Background and Objective: The use of antifungal lactic acid bacteria as starter for bread making could be a good alternative to improve the stability of bread shelf life.
Material and Methods: In this study, a total of 57 lactic acid bacteria were isolated from spontaneously fermented wheat sourdoughs collected in Chahar-Mahalo Bakhryari province of Iran. The isolates were screened for in vitro antifungal activity (towards Aspergilus niger or Penicillium roqueforti); and the selected isolates (six isolates) were applied in flat bread making. The freshly baked breads were nebulized with a suspension of either molds, containing 104 spores ml-1, and the fungal growth on breads was monitored over a 7-day storage period.
Results and Conclusion: Bread produced with either isolates AN3 and MB1 (both were identified as Enterococcus faecium) restrained the growth of Aspergillus niger for up to 5 days. Even though none of the isolates were strong enough to inhibit the growth of Penicillium roquforti on bread, the surface area of breads contaminated by this fungus was significantly lower than the control samples. To our knowledge, it was the first report indicating the anti-mold activity of Enterococcus faecium strains isolated from sourdough. These isolates seem to be promising for further analysis and their application in bread industry for prolonging the shelf life.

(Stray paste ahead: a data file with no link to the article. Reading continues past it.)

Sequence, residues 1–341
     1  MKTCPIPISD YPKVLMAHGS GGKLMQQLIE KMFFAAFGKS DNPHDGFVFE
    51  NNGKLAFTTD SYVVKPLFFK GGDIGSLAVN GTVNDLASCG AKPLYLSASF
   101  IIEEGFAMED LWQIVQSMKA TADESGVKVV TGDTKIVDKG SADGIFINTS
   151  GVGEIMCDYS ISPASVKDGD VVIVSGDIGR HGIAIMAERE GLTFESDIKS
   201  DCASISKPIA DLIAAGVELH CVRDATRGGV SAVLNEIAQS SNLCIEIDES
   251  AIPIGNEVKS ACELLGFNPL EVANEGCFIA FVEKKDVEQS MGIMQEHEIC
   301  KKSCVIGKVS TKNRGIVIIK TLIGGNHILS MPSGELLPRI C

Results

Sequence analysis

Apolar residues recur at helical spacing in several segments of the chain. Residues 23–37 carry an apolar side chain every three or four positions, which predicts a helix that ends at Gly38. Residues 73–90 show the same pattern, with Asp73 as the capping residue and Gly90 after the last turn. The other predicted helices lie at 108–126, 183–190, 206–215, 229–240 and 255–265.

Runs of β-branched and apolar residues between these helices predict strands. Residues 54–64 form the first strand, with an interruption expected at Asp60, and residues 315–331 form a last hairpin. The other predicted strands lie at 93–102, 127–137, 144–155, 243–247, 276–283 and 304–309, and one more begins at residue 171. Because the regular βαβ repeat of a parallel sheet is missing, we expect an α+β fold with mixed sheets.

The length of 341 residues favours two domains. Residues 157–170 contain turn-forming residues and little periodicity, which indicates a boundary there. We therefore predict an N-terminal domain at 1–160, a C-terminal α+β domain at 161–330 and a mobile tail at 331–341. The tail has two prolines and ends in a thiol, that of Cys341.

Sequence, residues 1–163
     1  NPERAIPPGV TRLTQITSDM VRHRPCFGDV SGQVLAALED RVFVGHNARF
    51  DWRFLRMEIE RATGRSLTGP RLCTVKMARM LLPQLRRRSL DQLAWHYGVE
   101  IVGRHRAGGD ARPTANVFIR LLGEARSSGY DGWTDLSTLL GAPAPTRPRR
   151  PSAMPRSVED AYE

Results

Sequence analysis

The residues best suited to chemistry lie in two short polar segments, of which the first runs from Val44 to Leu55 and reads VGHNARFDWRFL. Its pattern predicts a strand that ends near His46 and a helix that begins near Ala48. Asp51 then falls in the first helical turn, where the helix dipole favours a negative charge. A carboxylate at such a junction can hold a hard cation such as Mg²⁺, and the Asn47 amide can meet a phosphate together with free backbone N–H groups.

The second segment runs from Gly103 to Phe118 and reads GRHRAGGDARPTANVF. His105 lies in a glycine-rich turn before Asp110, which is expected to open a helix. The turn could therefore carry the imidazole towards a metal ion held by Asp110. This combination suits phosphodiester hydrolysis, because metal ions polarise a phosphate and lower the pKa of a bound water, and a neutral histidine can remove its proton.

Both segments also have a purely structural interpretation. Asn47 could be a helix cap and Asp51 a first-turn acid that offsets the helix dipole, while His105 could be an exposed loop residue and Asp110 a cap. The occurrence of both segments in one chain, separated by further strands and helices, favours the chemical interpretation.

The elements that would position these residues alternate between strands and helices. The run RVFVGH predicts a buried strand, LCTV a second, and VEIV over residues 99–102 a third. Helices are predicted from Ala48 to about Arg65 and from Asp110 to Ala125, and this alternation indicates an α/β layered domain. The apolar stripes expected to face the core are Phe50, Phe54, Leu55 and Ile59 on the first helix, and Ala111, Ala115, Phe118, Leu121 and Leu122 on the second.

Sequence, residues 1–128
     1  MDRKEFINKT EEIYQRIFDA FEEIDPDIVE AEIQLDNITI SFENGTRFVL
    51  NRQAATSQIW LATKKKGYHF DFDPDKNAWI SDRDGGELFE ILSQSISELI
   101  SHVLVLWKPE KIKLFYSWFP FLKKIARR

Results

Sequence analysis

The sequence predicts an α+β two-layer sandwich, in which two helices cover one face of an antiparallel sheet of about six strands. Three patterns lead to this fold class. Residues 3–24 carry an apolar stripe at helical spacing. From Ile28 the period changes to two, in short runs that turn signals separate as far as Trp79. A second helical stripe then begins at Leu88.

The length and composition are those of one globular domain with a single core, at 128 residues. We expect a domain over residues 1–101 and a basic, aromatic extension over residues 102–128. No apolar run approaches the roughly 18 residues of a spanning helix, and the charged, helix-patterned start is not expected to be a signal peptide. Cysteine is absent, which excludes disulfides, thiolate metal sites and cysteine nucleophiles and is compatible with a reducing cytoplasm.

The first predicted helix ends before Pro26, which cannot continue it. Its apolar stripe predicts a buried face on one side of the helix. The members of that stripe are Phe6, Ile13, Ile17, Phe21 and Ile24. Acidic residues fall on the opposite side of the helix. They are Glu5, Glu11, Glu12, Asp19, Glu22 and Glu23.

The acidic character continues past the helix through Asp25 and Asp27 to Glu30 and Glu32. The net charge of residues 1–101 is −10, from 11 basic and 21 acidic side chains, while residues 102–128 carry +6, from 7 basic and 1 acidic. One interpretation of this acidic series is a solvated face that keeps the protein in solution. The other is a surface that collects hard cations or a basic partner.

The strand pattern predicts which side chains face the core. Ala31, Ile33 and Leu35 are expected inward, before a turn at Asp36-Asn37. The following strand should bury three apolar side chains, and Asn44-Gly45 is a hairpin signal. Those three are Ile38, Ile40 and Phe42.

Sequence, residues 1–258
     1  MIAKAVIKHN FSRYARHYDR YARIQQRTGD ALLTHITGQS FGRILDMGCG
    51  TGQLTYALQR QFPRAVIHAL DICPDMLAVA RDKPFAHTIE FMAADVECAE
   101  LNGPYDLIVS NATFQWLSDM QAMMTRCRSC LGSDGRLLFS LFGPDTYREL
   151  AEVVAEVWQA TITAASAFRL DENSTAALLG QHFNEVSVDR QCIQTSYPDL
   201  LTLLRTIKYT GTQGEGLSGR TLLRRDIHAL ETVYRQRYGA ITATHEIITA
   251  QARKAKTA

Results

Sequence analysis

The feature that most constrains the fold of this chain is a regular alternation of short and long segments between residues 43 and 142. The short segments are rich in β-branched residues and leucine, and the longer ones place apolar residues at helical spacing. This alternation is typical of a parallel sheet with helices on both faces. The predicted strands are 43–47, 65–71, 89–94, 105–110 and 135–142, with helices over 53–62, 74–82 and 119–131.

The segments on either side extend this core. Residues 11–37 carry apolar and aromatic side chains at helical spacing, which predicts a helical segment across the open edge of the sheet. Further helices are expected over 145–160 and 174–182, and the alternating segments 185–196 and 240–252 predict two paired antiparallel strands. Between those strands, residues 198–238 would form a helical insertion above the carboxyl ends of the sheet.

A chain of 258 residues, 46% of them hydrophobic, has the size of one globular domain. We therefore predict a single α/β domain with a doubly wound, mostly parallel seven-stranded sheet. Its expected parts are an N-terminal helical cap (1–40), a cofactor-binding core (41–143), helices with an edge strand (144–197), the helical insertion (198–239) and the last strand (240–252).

Conflict of interest: The authors declare that there is no conflict of interest.
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